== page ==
How to Handle Holiday Returns Without Hassle
Now it's time for disgruntled gift recipients to find out.
A Consumer Reports survey found that one in five Americans, or nearly 50 million, expected to return a Christmas gift last year. Roughly the same percentage of all adults were stuck with a bad gift the year before, though 18% donated the offending present, 15% re-gifted it and 22% either returned it or just threw it out.
That led to 9.9% of all holiday purchases being returned to retailers last year, up 9.8% from a year earlier and a scant 8.8% back in pre-recession 2007. In all, consumers brought back $46.3 billion in presents last year, a significant increase from the $39.7 billion in products they returned five years ago.
That's a small Christmas miracle, considering how much easier presents were to return half a decade ago. About 83% of retailers aren't tweaking their return policies this year, according to a National Retail Federation holiday survey, but that's only after 25% tightened restrictions in 2006 and another 17% made returns more difficult during the recession-hit 2008 holiday season. Another 7% tightened restrictions this year.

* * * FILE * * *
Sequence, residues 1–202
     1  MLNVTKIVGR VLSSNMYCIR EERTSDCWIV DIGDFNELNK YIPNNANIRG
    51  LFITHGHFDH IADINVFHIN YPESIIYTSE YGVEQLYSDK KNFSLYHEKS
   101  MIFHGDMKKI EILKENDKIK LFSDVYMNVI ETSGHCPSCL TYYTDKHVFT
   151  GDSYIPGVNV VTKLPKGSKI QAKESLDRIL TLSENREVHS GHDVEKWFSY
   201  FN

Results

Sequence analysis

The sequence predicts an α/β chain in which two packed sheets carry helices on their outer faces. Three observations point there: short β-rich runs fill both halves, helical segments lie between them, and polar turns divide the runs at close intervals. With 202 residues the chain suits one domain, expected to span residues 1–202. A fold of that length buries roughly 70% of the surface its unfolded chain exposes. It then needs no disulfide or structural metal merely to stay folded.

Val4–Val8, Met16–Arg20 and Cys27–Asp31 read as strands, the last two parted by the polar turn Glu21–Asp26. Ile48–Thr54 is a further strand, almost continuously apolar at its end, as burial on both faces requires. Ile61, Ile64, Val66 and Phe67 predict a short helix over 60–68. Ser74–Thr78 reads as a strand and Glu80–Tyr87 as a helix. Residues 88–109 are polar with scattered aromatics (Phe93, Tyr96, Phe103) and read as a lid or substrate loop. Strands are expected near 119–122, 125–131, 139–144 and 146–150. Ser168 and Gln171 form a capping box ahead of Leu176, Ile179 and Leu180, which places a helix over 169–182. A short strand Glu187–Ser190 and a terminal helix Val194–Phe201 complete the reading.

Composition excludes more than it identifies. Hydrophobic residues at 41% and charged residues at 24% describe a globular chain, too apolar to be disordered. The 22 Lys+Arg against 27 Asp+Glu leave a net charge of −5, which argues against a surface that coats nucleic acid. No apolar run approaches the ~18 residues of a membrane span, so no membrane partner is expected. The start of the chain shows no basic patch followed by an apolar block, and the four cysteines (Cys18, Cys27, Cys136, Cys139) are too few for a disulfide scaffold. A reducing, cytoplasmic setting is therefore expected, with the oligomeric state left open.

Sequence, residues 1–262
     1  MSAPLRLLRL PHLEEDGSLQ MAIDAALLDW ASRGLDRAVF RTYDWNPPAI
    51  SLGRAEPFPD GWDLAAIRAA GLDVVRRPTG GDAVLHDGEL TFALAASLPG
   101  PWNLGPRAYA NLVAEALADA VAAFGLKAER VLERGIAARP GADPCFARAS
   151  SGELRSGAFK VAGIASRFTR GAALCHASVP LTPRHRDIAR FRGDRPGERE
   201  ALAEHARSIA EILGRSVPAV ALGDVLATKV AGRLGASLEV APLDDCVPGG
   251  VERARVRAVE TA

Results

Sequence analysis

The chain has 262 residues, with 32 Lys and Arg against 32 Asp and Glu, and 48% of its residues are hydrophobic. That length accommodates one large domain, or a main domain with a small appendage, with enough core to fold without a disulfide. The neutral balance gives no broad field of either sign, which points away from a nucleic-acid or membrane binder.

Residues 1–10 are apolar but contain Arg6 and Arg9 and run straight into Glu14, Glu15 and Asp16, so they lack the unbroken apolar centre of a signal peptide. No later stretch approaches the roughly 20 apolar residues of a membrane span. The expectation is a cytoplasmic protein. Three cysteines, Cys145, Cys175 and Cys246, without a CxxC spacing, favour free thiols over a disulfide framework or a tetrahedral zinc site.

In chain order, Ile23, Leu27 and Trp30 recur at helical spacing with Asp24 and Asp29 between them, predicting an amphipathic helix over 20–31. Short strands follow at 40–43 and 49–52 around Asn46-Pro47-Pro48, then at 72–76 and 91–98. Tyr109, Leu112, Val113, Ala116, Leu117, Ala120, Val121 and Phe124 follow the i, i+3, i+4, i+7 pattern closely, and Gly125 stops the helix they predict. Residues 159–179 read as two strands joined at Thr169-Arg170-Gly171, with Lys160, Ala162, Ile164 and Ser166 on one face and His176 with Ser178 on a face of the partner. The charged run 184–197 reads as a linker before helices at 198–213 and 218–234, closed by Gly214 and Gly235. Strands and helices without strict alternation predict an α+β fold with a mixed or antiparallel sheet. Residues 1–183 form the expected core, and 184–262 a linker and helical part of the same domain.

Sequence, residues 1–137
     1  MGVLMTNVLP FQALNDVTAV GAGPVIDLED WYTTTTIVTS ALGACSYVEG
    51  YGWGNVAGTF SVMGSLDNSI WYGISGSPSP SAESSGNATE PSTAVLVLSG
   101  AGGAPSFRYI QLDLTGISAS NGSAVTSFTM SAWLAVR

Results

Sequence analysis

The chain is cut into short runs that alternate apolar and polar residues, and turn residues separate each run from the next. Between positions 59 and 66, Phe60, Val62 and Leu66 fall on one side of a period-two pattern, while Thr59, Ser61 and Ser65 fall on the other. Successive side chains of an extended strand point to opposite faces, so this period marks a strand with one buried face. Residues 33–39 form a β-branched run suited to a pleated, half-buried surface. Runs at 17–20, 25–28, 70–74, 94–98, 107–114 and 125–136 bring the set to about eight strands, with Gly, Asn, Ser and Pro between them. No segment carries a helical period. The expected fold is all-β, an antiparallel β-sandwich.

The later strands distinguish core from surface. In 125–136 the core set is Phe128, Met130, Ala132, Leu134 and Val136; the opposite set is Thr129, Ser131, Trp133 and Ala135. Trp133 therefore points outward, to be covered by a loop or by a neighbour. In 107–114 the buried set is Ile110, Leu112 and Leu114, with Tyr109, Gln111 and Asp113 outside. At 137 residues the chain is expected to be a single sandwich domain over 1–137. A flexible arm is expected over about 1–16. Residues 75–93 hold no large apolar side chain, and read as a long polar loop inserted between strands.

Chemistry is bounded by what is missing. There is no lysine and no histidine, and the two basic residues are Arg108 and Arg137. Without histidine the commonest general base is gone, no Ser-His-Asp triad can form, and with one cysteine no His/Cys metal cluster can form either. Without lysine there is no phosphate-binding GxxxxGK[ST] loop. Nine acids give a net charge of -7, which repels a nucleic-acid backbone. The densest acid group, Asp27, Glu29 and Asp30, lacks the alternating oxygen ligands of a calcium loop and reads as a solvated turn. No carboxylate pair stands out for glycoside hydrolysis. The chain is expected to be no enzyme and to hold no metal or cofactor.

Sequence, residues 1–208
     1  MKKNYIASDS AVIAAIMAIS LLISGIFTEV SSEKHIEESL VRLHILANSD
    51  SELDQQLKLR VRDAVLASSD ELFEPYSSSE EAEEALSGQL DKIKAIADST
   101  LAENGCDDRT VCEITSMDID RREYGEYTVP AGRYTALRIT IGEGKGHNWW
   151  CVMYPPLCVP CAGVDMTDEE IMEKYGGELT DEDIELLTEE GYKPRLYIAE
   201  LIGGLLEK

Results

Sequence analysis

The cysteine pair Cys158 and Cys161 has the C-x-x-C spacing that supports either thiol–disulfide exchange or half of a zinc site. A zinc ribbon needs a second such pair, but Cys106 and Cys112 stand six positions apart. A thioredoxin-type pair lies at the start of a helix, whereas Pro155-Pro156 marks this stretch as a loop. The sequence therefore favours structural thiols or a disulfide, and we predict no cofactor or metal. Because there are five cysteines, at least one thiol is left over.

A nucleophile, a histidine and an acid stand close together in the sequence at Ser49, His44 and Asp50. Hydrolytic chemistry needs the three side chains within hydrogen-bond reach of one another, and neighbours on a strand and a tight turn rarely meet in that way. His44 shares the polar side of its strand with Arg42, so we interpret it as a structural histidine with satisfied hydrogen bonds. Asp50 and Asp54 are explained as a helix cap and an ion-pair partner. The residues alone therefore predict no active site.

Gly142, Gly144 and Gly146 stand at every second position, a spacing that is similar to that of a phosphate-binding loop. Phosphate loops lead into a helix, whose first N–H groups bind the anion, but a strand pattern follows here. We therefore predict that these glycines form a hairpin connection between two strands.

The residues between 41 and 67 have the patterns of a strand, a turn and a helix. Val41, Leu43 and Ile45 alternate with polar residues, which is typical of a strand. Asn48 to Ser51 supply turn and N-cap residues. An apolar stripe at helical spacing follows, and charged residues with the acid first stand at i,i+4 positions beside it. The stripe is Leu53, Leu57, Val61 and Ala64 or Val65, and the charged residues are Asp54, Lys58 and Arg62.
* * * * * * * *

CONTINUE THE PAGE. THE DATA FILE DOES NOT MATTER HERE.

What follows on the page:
With policies changing, restocking fees increasing and the odds stacking up against consumers with returns, is there any easy way to get rid of a bad gift? With help from consumer experts, we came up with five ways to attack holiday returns and leave with the gifts you actually wanted:
Keep an eye on the calendar
As soon as you leave the store with a present, you start the countdown to its return date.
Target (TGT) , for example, has cut its return window for laptops, e-readers, tablets, cameras and camcorders from 45 days to 30 this year. Sears (SHLD) , meanwhile shortened its regular return window for many items from 90 days to 60 days and cut its extended holiday return period from 120 days across the board to 30- and 60-day categories that can be returned until Jan. 24.